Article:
Mania Grade: B+
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- Audio Rating: A-
- Video Rating: A-
- Packaging Rating: B+
- Menus Rating: B+
- Extras Rating: B
- Age Rating: 13 & Up
- Region: 1 - North America
- Released By: Bandai Entertainment
- MSRP: 29.98
- Running time: 125
- Aspect Ratio: 1.33:1
- Disc Resolution: 480i/p (mixed/unknown)
- Disc Encoding: MPEG-2
- Series: Wolf's Rain
Wolf's Rain Vol. #6
By Chris Beveridge
March 14, 2005
Release Date: March 22, 2005
Wolf's Rain Vol. #6
What They Say
© Bandai Entertainment
Lady Jaguara has everything she needs to achieve her goal to open paradise. As groups of humans and wolves arrive at Jaguara’s city, they discover that they must find a way to get in.
Kiba is now obsessed with saving Cheza from her fate. Tsume, too, is resigned to help and even Toboe is showing fighting spirit. But Hige is behaving strangely and the others start to worry.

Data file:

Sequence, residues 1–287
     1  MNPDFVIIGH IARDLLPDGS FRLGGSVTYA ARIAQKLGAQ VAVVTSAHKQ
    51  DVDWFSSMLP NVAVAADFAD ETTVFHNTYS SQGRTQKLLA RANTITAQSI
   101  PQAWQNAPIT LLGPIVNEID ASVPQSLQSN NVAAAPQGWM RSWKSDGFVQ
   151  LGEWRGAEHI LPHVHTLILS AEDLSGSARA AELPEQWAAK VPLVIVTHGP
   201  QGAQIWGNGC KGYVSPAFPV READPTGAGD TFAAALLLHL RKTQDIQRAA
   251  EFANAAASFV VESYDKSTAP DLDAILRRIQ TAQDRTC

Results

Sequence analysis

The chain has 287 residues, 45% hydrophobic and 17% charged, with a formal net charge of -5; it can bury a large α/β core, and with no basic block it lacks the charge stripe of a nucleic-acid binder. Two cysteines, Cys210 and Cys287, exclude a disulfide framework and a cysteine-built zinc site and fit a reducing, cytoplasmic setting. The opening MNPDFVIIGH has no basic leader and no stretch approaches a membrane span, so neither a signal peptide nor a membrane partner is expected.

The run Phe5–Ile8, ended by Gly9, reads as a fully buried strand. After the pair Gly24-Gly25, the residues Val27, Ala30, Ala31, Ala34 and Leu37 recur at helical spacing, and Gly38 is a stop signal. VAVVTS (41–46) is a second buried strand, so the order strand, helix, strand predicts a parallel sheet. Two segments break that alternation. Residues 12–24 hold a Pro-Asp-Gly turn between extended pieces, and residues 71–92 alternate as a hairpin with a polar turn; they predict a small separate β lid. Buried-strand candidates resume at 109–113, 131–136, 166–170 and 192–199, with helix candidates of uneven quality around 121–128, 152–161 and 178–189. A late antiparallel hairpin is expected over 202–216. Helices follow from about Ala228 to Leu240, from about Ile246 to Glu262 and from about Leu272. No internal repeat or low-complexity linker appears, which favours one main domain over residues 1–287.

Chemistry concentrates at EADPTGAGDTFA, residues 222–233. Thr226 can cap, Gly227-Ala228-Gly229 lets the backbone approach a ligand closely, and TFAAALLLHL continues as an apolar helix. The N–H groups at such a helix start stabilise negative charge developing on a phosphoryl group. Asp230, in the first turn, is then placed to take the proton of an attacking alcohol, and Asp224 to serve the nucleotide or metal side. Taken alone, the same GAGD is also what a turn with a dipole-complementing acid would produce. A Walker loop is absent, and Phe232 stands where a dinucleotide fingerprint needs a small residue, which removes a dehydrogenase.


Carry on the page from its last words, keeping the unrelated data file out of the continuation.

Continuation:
Meanwhile, Lady Jaguara prepares for her ritual which will open Paradise. But despite all of her power and influence, there are still those who would stand against her. And when the final battle lines are drawn, she will have to face a betrayed noble, a furious pack of wolves, and some very confused humans. The world will end or perhaps begin on this night!The Review!
Bringing the story fully into Jagura's keep and the Lost City, a time of final thought and exploration of ones self becomes the main theme before everything goes to hell.Audio:
For our primary viewing session, we listened to this show in its original language of Japanese. The series has a very solid stereo mix that has some subtle motions to it. As it's a late night show for us, we managed to have a very quiet set of surroundings while watching it and were able to really take in how well done the sound is. Dialogue is clean and clear throughout while the music fills up both channels beautifully. We spot checked the English track as it's done in 5.1 and found a nice enhancement over the stereo mix, though I still think the original blended mix works better.Video: